Opening my copy of the New York Times this morning at breakfast, I eagerly paged to the new Krugman piece. As I had guessed, Krugman was going to throw around his thoughts regarding the previous week’s GOP debate.

In particular, Krugman discusses the jaw-dropping moment where Rep. Ron Paul was drawn into explaining his views over how ‘freedom’ functions  in his brand of America with respect to health care.

Krugman opens with an anecdote about Milton Friendman and then lays into the GOP apprentices:

CNN’s Wolf Blitzer asked Representative Ron Paul what we should do if a 30-year-old man who chose not to purchase health insurance suddenly found himself in need of six months of intensive care. Mr. Paul replied, “That’s what freedom is all about — taking your own risks.” Mr. Blitzer pressed him again, asking whether “society should just let him die.”

And the crowd erupted with cheers and shouts of “Yeah!”

The moment when the shouts occured were about when my jaw hit the proverbial floor. Obviously I was not alone, because Krugman felt the same:

…at this point, American politics is fundamentally about different moral visions.

Krugman’s pieces often have a brief moment of ‘ah-ha’, where he illustrates how just vastly different this generations GOP is from previous.

Today was no exception:

In the past, conservatives accepted the need for a government-provided safety net on humanitarian grounds. Don’t take it from me, take it from Friedrich Hayek, the conservative intellectual hero, who specifically declared in “The Road to Serfdom” his support for “a comprehensive system of social insurance” to protect citizens against “the common hazards of life,” and singled out health in particular.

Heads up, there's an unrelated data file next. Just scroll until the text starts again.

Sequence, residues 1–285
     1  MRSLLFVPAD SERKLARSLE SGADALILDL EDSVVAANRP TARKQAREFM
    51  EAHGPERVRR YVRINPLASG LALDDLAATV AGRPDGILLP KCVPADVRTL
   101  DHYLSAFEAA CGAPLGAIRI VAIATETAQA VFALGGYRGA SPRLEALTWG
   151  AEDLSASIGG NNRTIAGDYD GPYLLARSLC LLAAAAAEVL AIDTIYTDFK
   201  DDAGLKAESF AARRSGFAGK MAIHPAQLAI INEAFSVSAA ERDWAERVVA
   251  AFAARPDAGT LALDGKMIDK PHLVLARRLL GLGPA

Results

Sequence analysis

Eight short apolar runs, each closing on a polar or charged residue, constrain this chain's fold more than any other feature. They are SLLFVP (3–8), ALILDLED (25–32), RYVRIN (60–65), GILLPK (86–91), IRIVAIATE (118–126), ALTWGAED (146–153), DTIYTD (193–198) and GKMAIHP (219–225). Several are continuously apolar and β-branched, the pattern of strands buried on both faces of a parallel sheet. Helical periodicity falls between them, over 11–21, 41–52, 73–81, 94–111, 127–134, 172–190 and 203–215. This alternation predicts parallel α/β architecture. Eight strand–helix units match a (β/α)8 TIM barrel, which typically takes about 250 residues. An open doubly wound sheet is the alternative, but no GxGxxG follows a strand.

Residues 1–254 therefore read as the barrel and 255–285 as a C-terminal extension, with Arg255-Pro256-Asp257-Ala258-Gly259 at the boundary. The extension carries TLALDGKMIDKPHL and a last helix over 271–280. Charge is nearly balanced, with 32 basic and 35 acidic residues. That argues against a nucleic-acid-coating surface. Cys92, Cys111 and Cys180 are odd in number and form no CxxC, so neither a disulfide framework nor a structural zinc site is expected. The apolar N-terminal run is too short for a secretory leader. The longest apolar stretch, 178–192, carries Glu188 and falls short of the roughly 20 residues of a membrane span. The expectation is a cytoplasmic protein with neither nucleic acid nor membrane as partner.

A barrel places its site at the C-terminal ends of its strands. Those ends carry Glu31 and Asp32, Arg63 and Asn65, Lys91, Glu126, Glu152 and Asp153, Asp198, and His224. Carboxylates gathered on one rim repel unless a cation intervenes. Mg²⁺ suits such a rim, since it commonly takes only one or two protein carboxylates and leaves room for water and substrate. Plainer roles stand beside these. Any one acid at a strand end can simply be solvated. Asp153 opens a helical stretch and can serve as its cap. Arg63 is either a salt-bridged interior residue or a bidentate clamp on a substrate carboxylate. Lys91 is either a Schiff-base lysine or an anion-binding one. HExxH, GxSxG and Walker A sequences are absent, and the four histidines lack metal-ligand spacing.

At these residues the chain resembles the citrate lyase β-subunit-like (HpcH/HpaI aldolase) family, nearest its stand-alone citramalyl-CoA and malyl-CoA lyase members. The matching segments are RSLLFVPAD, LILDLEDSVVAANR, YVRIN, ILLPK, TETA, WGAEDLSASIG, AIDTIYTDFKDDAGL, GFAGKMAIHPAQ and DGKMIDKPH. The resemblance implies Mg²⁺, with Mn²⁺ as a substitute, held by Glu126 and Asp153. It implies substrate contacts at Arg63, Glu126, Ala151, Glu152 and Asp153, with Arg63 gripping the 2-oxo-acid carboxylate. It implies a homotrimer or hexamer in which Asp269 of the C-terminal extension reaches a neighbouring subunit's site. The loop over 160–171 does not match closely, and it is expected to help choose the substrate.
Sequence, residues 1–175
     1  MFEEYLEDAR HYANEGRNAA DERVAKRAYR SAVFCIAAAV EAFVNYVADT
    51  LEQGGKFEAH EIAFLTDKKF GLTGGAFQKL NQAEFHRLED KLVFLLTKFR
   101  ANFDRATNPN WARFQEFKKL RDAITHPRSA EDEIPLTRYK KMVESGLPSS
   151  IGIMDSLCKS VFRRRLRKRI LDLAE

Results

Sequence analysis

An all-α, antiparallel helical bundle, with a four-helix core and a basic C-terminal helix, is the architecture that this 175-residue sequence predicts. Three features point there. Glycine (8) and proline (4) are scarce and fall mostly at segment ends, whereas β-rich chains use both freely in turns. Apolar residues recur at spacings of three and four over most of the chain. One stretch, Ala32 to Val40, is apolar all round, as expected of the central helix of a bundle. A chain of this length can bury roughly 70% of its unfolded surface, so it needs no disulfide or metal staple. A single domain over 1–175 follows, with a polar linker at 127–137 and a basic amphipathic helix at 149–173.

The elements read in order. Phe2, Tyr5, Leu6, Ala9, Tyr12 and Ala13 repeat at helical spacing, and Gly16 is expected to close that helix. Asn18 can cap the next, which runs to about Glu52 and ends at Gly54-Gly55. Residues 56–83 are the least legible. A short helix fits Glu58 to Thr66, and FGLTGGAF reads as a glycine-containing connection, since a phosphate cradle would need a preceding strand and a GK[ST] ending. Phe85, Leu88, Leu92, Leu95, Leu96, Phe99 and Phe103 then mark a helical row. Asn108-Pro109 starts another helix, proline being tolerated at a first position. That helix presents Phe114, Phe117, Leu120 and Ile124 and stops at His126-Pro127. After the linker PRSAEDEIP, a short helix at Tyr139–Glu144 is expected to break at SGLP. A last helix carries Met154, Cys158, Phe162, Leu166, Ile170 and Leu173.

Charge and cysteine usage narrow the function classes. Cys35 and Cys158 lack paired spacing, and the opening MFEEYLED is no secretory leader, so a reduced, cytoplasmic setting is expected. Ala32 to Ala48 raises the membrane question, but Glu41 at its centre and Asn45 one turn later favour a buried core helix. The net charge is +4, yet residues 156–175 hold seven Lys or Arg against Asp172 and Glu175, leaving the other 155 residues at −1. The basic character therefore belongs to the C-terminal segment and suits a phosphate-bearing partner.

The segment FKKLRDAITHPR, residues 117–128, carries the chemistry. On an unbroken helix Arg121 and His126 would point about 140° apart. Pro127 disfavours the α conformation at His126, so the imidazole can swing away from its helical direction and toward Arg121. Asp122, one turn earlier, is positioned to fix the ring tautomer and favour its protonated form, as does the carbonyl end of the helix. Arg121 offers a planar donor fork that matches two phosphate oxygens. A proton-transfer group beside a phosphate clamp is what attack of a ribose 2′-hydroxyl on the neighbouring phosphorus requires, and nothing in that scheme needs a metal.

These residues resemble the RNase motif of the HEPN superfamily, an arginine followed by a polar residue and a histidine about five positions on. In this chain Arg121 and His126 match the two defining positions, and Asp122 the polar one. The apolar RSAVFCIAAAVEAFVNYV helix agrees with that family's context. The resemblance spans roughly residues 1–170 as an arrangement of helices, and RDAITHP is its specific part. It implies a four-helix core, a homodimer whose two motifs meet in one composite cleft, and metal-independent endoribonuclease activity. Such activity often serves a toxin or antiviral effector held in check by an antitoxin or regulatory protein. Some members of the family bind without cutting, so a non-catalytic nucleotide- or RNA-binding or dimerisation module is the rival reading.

Given the agreed-upon desirability of protecting citizens against the worst, the question then became one of costs and benefits — and health care was one of those areas where even conservatives used to be willing to accept government intervention in the name of compassion, given the clear evidence that covering the uninsured would not, in fact, cost very much money. As many observers have pointed out, the Obama health care plan was largely based on past Republican plans, and is virtually identical to Mitt Romney’s health reform in Massachusetts.

Now, however, compassion is out of fashion — indeed, lack of compassion has become a matter of principle, at least among the G.O.P.’s base.

And what this means is that modern conservatism is actually a deeply radical movement, one that is hostile to the kind of society we’ve had for the past three generations — that is, a society that, acting through the government, tries to mitigate some of the “common hazards of life” through such programs as Social Security, unemployment insurance, Medicare and Medicaid.

It’s a long way to November, but given the above repudiation by the Right of 50+ years of precedence, it’s not too early to worry.

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